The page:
Google Takes Down Around 200 Lending Apps In India Clean-Up: BQ Exclusive
Google Inc.’s efforts to crack down on errant digital lending apps targeting Indian consumers have led to at least 200-250 loan providers being removed from the Play store, five people in the know confirmed.
According to the people quoted above, the applications were shortlisted through complaints received from various police departments across the country. Suggestions also came in from authorities such as the Reserve Bank of India and state government officials. Additionally, Google relied on its own developer guidelines to find applications which are in violation of rules before taking them down from the Play store.
While there are no official estimates on the number of apps which were flagged off and eventually taken down, people in the know say that developers of at least 500-600 mobile loan apps have received mails from the tech giant over the last few weeks to verify their credentials, before being allowed to resume their activities on the Play store.
The email, a copy of which has been reviewed by BloombergQuint, asks the app developers to verify their credentials as either a registered NBFC with the RBI, an entity acting as a legal representative of a lending firm or an entity with state government approval to act as a lender.
If the developers are unable to provide these details within five working days, then Google would remove the application from its Play store, the email read.
Emails sent to Google and the RBI were not immediately answered.
Google has also sent communication to developers in cases where data permissions sought from the customer exceeded the mandate of the application. In such instances, Google has asked the developers to demonstrate whether the additional data points collected by them would help better serve the customer. Google has sought responses for review by March 29, 2021.
If the developers are unable to show due cause for collecting these data points from customers during the review, their app will be taken down, the communication said. BloombergQuint has reviewed a copy of this communication sent to an NBFC.
The action by Google follows multiple representations made by the RBI, the police departments and even industry representatives from the digital lending industry.
According to the first of the five people quoted above, as part of its representations to Google, the RBI had highlighted instances of loan applications which were clearly in violation of the central bank’s norms on lending.
These apps were either charging annualised rates as high as 100-365% for short-term loans, or were gathering excessive private information of a user as part of their process. The regulator has provided Google with a clear set of rules used to judge usurious lending activity.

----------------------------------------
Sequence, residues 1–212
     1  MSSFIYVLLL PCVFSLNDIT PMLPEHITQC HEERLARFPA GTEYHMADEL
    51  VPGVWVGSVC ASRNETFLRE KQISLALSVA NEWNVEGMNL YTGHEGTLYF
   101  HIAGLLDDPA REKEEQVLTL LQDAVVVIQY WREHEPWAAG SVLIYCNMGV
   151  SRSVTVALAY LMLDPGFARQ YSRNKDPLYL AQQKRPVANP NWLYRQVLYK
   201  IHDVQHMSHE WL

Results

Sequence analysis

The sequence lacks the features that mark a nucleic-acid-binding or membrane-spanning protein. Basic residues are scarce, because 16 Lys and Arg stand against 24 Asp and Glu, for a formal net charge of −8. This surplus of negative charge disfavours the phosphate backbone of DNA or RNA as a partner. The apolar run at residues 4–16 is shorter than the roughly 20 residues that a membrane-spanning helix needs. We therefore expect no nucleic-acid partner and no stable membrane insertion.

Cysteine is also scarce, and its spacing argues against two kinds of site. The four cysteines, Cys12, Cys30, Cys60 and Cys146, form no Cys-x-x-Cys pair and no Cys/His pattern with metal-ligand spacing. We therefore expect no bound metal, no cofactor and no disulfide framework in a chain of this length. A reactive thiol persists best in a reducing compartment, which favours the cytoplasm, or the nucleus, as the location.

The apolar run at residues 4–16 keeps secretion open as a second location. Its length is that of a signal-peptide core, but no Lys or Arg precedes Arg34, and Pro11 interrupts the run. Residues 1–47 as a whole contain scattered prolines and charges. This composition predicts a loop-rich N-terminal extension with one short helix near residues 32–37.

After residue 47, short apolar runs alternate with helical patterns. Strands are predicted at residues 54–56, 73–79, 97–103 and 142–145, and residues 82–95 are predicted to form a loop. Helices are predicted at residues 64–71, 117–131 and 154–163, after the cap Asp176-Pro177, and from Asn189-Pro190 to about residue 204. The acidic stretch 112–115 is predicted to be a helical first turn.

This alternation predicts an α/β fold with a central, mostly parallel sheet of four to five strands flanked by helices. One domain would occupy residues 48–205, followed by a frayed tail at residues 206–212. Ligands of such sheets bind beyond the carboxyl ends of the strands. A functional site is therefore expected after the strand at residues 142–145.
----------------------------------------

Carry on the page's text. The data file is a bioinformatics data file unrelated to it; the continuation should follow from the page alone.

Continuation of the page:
Srikanth Lakshmanan, an independent researcher working with the Cashless Consumer group, claims to have shortlisted about 1,050 mobile apps on Google Play store after looking at the kind of tools they use in the development process. Of these, about 450 mobile apps have gone off the Play store in the last one month, he said.
“It is possible that some of them would have been removed by Google directly, while in other cases, the developers would have pulled down the application due to the negative exposure from various authorities recently,” Lakshmanan said.
According to him, a number of these lending apps use similar white label services, after putting their branding on top, which allows them to offer loans with minimal manual effort.
On Thursday, Google, in a blog post, said it had been taking steps to curb unauthorised loan apps, which were resulting in unethical lending practices and borrower harassment.
“We have reviewed hundreds of personal loan apps in India, based on flags submitted by users and government agencies. The apps that were found to violate our user safety policies were immediately removed from the Store, and we have asked the developers of the remaining identified apps to demonstrate that they comply with applicable local laws and regulations,” Suzanne Frey, product, android security and privacy, wrote in the blog.
The RBI, which has warned twice against malpractices in digital lending, has now set up an internal working group to study the digital lending ecosystem. Terms of reference given to the committee include creating better regulation and protecting customers against illegal lenders. The internal working group is expected to submit its report in three months, after which the RBI will finalise any new guidelines needed.